Why write pulp?

Following yesterday’s post, I’ve thought about why I’m writing about writing so much so fast.

Believe me, I do enjoy literary works, well, mainstream literary. Richard Ford, John Irving, Richard Russo, Anne Tyler, Jane Smiley, Annie Proulx are among my favourite writers. I enjoy the nuances they are able to bring to their writing, their skill with language and narrative. I have written, and even published, numerous literary stories, where I’ve polished and honed the words, where I’ve edited out sections or rewritten entirely from scratch, and often I’m proud of those pieces.

That said I’m having fun just writing pulp. Now, I’m not saying my writing is especially good (the reader can judge that), but I’m focusing on the story and trusting that my writing will carry it. What I’m finding currently is that as I go I’m paying more attention to the words where before I would have thought, “Well, I can fix that later in revisions”. Part of this comes from finding over the last year that my stories seemed stronger on their first draft without too much tinkering, part comes from reading about other approaches. Dean Wesley Smith has a good post here about not revising until a story has become just white paste.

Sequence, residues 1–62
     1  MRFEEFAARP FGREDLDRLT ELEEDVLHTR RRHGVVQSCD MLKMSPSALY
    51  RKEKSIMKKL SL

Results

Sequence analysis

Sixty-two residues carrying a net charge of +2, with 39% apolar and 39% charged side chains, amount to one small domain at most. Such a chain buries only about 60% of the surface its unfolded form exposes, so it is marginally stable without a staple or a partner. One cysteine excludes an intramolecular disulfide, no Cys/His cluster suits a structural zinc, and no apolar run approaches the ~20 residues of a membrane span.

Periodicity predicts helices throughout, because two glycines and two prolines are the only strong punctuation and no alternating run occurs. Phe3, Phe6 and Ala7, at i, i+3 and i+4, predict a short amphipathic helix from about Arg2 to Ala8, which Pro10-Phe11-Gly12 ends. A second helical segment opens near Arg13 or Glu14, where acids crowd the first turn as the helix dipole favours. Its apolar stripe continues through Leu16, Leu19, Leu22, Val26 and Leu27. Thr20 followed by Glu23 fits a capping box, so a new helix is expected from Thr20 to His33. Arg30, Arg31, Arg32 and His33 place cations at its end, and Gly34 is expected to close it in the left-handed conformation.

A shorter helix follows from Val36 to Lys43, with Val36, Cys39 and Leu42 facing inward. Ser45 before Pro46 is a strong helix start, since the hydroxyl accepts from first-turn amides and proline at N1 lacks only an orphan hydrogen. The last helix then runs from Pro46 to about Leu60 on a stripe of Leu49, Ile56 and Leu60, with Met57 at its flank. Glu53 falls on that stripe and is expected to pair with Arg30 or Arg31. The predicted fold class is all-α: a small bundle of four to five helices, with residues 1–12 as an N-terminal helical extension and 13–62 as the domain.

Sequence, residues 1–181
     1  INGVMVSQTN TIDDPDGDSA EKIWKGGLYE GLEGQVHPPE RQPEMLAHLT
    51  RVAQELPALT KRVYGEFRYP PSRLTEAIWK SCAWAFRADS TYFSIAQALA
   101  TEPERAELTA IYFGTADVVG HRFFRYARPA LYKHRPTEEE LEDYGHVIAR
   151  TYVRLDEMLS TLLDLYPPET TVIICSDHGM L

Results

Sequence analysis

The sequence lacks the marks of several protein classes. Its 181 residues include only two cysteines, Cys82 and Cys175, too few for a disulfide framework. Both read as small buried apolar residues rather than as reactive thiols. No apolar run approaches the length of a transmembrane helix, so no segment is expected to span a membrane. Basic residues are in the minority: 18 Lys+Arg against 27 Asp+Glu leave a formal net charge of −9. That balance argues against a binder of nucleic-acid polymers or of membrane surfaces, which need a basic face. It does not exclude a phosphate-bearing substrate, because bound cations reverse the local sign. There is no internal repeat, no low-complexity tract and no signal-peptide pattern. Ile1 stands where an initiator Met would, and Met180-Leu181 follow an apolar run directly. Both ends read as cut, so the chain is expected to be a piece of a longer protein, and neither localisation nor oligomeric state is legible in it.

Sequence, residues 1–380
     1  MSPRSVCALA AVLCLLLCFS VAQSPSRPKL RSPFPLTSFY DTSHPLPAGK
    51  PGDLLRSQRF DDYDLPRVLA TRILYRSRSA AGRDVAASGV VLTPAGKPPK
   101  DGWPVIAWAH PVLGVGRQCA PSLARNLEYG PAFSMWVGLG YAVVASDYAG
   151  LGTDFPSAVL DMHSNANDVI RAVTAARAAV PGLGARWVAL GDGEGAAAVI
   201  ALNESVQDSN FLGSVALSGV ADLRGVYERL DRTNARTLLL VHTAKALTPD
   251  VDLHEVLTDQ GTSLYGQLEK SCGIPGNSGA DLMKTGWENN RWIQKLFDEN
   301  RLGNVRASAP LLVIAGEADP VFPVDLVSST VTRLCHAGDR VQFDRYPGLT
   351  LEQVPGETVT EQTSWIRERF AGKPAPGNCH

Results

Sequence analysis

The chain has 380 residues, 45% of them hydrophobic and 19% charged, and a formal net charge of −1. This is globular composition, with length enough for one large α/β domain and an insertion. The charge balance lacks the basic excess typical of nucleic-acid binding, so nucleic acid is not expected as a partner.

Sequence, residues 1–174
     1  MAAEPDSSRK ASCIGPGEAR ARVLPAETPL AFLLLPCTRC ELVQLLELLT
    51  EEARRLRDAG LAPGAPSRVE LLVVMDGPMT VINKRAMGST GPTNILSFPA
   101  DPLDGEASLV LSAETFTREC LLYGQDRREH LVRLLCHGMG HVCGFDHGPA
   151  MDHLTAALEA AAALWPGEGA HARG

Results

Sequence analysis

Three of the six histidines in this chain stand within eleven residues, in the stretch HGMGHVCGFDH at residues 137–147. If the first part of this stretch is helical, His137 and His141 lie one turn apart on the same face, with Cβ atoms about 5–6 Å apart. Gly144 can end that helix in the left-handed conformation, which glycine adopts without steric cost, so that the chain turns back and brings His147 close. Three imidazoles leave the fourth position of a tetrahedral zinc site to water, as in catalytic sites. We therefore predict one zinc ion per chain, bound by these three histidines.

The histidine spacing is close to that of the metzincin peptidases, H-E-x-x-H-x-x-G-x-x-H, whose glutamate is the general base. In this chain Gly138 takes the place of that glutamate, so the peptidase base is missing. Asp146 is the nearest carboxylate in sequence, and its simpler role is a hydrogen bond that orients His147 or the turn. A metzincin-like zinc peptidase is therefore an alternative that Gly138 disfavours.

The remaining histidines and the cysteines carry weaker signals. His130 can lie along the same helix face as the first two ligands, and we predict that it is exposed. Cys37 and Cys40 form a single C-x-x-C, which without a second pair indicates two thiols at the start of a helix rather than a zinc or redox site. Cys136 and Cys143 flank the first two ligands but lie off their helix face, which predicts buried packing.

Not interested in white paste. Looking for story. That’s why I’ll be writing pulp fiction for a while yet.

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